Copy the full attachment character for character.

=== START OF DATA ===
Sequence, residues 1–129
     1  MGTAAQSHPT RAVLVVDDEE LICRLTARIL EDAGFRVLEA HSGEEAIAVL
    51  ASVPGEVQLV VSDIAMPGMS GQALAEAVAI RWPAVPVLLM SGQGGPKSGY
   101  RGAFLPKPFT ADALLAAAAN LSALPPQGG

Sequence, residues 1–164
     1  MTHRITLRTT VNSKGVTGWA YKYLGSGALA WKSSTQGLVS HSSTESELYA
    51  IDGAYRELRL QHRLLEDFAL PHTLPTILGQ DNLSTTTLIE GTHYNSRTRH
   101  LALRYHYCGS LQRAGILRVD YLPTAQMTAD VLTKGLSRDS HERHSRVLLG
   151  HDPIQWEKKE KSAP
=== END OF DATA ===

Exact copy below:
Sequence, residues 1–129
     1  MGTAAQSHPT RAVLVVDDEE LICRLTARIL EDAGFRVLEA HSGEEAIAVL
    51  ASVPGEVQLV VSDIAMPGMS GQALAEAVAI RWPAVPVLLM SGQGGPKSGY
   101  RGAFLPKPFT ADALLAAAAN LSALPPQGG

Sequence, residues 1–164
     1  MTHRITLRTT VNSKGVTGWA YKYLGSGALA WKSSTQGLVS HSSTESELYA
    51  IDGAYRELRL QHRLLEDFAL PHTLPTILGQ DNLSTTTLIE GTHYNSRTRH
   101  LALRYHYCGS LQRAGILRVD YLPTAQMTAD VLTKGLSRDS HERHSRVLLG
   151  HDPIQWEKKE KSAP